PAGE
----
Cerca Magnets won the qBIG 2023 prize. Here’s a Q-and-A with prize winners.
What does it mean for Cerca Magnetics to win the qBIG 2023 prize?
The quantum sector is growing rapidly, with more than 200 businesses across the UK. The companies span all areas of quantum science including sensing, imaging, communications, time and computing. The application space is very large, from geophysics, to climate change; telecommunications for global security; navigation to health services. So against the backdrop of cutting-edge innovation in so many companies, being recognized by the Quantum Innovation and Business Growth group at the Institute of Physics is both humbling and very exciting.
How about gift funding and mentoring packages from Quantum exponential driving the growth of Cerca Magnetics?
Cerca has enjoyed tremendous success so far. We’ve been profitable in our first two years and we’re selling quantum-enabled brain imaging equipment to top research institutions around the world. However, to realize the impact of our technology, we need to deploy it in hospitals, and that means getting medical device approval. This is an expensive process and Cercas do not have all the skills required at home. Prize money, and guidance from Quantum exponential, will be a sincere help. We can use the money to engage with consultants on important aspects of medical device regulation, and we also believe Quantum Exponential will be able to pave the way for the right people who, in turn, can help us bring our technology to those who benefit most from it. he.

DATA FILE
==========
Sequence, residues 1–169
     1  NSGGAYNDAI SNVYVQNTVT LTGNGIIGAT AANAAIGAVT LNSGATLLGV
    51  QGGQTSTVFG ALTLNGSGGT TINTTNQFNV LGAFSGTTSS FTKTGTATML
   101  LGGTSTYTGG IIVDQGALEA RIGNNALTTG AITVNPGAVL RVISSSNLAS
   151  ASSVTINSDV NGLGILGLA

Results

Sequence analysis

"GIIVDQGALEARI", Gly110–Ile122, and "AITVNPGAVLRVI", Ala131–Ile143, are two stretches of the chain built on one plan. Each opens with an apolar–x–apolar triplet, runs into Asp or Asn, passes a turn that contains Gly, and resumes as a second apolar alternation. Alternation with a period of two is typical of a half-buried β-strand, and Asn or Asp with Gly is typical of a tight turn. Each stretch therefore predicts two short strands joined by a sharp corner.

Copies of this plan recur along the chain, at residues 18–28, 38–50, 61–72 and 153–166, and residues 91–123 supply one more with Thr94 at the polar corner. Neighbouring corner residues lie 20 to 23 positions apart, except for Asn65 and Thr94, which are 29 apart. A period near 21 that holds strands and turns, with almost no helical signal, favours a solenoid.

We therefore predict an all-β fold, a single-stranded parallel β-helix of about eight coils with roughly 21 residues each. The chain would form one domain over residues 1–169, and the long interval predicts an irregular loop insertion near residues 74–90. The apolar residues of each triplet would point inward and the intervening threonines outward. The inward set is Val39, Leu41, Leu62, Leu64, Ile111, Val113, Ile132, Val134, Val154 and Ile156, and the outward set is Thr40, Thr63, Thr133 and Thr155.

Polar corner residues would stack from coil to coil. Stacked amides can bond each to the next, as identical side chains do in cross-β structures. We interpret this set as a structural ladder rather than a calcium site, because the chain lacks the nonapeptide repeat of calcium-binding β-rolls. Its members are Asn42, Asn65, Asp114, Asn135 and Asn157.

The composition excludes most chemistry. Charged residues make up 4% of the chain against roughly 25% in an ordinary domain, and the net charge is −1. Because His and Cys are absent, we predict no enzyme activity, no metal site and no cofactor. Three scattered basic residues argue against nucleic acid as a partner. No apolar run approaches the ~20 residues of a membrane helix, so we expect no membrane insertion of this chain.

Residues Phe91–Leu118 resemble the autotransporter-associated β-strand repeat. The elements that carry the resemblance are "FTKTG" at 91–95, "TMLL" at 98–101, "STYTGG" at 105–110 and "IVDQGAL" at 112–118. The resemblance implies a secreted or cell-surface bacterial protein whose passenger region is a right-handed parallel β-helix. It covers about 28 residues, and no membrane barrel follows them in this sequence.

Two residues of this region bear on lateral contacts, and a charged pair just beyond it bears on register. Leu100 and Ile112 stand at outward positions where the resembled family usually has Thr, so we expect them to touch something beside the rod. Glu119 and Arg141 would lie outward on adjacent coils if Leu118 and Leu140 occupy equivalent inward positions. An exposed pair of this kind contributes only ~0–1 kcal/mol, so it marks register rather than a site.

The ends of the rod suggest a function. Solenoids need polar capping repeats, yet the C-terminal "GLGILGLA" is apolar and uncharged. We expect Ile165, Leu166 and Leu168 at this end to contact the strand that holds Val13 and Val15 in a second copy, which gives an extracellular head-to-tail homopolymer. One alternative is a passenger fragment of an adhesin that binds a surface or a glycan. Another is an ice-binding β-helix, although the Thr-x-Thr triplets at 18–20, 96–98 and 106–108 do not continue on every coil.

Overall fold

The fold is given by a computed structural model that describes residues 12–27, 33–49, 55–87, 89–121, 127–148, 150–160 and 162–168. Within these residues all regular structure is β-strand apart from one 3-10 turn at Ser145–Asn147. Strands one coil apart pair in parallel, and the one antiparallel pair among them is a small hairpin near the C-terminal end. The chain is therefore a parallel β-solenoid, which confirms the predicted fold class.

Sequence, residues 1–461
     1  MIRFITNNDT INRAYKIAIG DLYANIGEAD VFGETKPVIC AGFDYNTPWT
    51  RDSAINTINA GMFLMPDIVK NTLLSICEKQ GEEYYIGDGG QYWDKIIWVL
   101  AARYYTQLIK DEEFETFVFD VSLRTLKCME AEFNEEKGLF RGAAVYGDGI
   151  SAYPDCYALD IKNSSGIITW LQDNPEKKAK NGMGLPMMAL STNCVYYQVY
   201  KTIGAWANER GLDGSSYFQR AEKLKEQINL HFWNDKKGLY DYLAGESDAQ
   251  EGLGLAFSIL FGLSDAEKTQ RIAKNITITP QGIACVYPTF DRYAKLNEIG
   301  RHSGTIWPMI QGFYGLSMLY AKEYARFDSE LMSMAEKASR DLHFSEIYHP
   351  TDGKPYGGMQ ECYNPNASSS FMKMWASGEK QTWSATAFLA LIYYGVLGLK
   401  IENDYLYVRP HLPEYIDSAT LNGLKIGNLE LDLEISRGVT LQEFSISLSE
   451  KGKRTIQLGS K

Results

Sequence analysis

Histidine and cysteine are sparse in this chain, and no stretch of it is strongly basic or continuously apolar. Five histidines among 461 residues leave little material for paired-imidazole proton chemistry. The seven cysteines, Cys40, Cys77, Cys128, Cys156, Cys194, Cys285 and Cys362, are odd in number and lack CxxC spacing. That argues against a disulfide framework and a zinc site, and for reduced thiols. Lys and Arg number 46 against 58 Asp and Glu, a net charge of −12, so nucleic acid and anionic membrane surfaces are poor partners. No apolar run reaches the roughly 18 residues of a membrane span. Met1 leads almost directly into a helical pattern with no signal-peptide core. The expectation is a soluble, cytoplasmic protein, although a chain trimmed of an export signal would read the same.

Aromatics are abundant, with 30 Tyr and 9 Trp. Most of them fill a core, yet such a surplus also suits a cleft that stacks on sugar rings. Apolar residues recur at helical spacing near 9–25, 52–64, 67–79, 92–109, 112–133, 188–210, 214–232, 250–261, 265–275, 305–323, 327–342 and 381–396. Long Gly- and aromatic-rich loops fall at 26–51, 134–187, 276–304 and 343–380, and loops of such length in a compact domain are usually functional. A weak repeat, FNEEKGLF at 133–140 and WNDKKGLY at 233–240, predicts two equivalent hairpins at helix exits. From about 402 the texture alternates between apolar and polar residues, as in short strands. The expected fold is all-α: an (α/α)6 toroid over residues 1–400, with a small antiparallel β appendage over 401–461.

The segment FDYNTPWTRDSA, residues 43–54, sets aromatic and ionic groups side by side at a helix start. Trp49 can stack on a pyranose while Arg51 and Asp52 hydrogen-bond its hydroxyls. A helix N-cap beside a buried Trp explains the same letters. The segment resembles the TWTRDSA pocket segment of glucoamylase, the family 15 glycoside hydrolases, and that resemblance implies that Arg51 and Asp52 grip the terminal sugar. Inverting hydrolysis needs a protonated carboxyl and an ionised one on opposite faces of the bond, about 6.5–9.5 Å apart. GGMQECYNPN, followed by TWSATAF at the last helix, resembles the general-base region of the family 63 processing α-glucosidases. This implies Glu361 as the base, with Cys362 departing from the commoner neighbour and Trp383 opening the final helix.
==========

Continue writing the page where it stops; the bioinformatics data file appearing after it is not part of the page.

How will you use Physics Institute‘ Accelerator workspaces and associated benefits?
That the TIO accelerator the workspace is a fantastic facility. We will use this as a space for collaboration, particularly to accelerate the work we are doing with the national charity, Young Epilepsy. YE is based in Surrey and affiliated with Great Ormond Street Hospital; they have Cerca scanners and we work with them to scan epilepsy patients. The Accelerator Room offers a useful place to meet YE doctors and scientists, to share ideas and monitor progress.
Can you tell us a little more about how Cerca Magnetics started and how the technology works?
The University of Nottingham has been developing brain imaging technology for 50 years. Work was started in the 1970s by Sir Peter Mansfield, who later won the Nobel Prize for his contributions to the development of MRI. About 15 years ago, Nottingham started working with a technique called magnetoencephalography (MEG). MEG measures the magnetic field generated by currents flowing through nerve assemblies in the brain. The field can be used to reconstruct pictures of brain activity that allow us to see – over time – how electrical activity in the brain develops when we perform mental tasks, and how that function is altered in disease.